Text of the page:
We had this conversation about dreams one night, Cicada creaked under the floorboards of smoke cellaring her.


Her sister listened, crossing, uncrossing. Big book on her lap, she’d taken it from the pile by the bed to feel its weight on her thighs. Sniffing the air and dreaming where she sat.


He didn’t dream, Cicada went on, Because he never slept.


They looked away from the air between them, old dye and brittle hair over clouded eyes. Time held them. Cicada sparked the genie’s bottle to life again and bubbled another wish from its belly. Up for air. So I got no dreams to learn from, she said he said, the words wooling from her mouth, So I read a lot.


Her sister nodded and there was writing in the front of the book in her lap, words that curled life through the pages but came after they were born: To Cicada. Your fingers are not too small. I want to hear that wood sing. Got you this. Peace xx, and then his name, but she closed the book then.



In a year she’d found him asleep on her couch one morning.



Hey you’re sitting on books.


Yeah. Can’t see over the dash without them.


Are you serious?


I’m short.


Shit. What books?


Music books. I study when I’m not driving.


You play?


Yeah. Guitar, like my friend. Was teaching me sometimes.




My band’s on tomorrow night at Valve.






Weird time.


It is.



The boy came to the show later that evening and stood up against the bar next to Cicada’s sister, though he didn’t know it. What’s your name? he’d asked and It’s not about me, she’d said. She watched him watch her and she sighed through her nose, hair bleached to cheap porcelain laying its hands over her shoulders. She felt for them and their ends broke away in her fingertips, trapped in the arches and loops. A boy at the store called her a budget angel. She closed her eyes and listened to Cicada tune her guitar, guru’d in a skirt and hunched at the moth-eaten crowd, the hungry dinosaur on her underwear making them shuffle, crane.


She started to play what she always whistled and her sister lifted her head and could only say her name. Once, only once. After a while Cicada’s chin crumpled and her hair draped over the strings of her guitar that she had stopped trying to play. Her chest filled the hollow of its body and that was all. One of the boys in the band leant down to whisper something but another one shook his head and mouthed No, don’t.


Hands waved over necks and the lights went down. People left. The boy who’d come to see her left first.



Hey, can you watch the road?




Getting worried back here.


Oh. Sorry. It’s fine, though.


Spend a lot of time checking yourself out.


Something always chasing me.


What if,




It’s looking for you instead?




Small girl?



He’d come in through the window in the night.



Why’d he name me after those, she’d want to know, and her forehead would collapse her eyes.


Her sister would sit and tell her, Said they talk a lot all the time, like you used to. You two listened to them every evening, walking in the backyard, and there’d be moon on the dandelions and they’d light your way.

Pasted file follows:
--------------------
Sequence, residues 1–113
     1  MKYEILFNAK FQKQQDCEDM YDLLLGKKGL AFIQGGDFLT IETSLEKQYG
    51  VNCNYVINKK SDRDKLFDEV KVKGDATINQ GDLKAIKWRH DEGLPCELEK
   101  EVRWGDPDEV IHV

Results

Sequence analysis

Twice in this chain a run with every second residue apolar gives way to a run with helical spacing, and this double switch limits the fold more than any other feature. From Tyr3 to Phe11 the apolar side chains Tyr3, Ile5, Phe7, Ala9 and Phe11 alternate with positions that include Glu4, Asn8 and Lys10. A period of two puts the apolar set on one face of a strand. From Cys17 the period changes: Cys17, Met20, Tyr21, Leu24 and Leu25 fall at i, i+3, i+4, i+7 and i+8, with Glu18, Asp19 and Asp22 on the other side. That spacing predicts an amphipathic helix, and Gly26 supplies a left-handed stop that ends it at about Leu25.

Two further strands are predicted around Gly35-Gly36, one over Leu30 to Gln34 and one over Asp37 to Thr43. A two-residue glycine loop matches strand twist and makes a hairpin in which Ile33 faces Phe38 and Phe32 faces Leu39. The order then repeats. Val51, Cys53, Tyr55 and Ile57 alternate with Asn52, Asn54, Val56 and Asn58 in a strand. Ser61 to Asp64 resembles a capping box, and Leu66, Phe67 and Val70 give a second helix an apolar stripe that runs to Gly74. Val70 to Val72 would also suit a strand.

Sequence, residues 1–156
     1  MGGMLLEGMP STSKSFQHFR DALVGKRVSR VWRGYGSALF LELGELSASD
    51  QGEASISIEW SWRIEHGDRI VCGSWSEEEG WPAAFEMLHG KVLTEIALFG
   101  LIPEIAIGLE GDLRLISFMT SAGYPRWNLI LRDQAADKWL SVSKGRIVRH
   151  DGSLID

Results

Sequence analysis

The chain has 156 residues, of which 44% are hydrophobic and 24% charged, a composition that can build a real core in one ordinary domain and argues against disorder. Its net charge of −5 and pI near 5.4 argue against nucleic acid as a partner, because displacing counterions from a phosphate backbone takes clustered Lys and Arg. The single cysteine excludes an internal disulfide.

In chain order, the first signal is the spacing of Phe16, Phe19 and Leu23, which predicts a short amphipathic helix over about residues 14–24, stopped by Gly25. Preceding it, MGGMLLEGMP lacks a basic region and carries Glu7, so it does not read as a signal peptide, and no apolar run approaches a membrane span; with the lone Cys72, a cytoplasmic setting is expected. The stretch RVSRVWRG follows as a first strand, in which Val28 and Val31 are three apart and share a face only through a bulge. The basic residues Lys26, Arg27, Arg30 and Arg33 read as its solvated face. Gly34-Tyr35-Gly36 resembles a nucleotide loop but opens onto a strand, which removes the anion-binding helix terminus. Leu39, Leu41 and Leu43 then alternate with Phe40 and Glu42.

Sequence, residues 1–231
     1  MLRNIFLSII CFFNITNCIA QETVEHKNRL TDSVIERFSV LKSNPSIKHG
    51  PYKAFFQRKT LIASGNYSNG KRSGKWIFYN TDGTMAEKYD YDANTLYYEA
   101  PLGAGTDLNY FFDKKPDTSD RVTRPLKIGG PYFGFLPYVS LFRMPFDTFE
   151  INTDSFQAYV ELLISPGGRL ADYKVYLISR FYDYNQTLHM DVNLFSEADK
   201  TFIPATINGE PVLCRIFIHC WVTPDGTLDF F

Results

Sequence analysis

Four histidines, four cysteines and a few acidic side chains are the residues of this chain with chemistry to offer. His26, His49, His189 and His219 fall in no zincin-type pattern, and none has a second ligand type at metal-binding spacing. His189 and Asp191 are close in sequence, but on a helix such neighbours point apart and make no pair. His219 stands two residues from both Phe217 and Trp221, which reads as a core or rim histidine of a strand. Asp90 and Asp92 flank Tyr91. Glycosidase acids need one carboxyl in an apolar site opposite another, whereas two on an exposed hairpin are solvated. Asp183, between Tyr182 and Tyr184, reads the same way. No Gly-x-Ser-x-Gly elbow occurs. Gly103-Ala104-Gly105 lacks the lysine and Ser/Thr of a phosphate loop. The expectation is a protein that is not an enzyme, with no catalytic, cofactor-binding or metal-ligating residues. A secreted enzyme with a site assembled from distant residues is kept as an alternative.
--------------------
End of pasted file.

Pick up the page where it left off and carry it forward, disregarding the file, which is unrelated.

Cicadas in the night are cute and majestic.


In the morning they’re loud enough to make your ears bleed, and Cicada covered her smile with her hand inside her sleeve, too long like all her clothes.


I used to watch you two, you know. She knew. From the porch, shoulder to shoulder with the doorway, kinda. The cicadas in the reeds, on the trees, she said, Seemed to call your name. Her sister would hold her breath. I held my breath sometimes, I don’t know why. Just you two out there most nights.

Cicada, fidgeting. Looking around. Her white walls black wherever she touched them.


When he used to hold my hand?


You wouldn’t let go because you were scared, her sister would say. You would say, I’m so small what if I float away, like a balloon?


Together, then, crescent moons: Sicki just hold onto me.


Together, again, crescent moons: Silence for half an hour.



Hey everything OK back there?


I can stop?


We’ve just been to a funeral.


Oh. Hey, sorry.


They said beautiful things about her. Just beautiful.


When Samson spoke, I don’t know. Did you know her like that?


I didn’t. I had no idea she was like that, did those kinds of things for people.


And to think, she was so sad, she


Never talked about that.


Never talked much.


We never asked. Hi, driver?




Light’s green.



She shook him until her hand went numb from how cold his skin was.



Remember when he wrote BORN FREE on the wall in big letters and some of them were backwards but then they seemed to make even more sense? Do you remember this happening?


Yes I remember.


And then he crossed out FREE so it was like BORN FREE and he told us,


A duet, a chorus: Girls of mine, it is up to you.


I remember.


Me too.


I don’t want to.


Me too.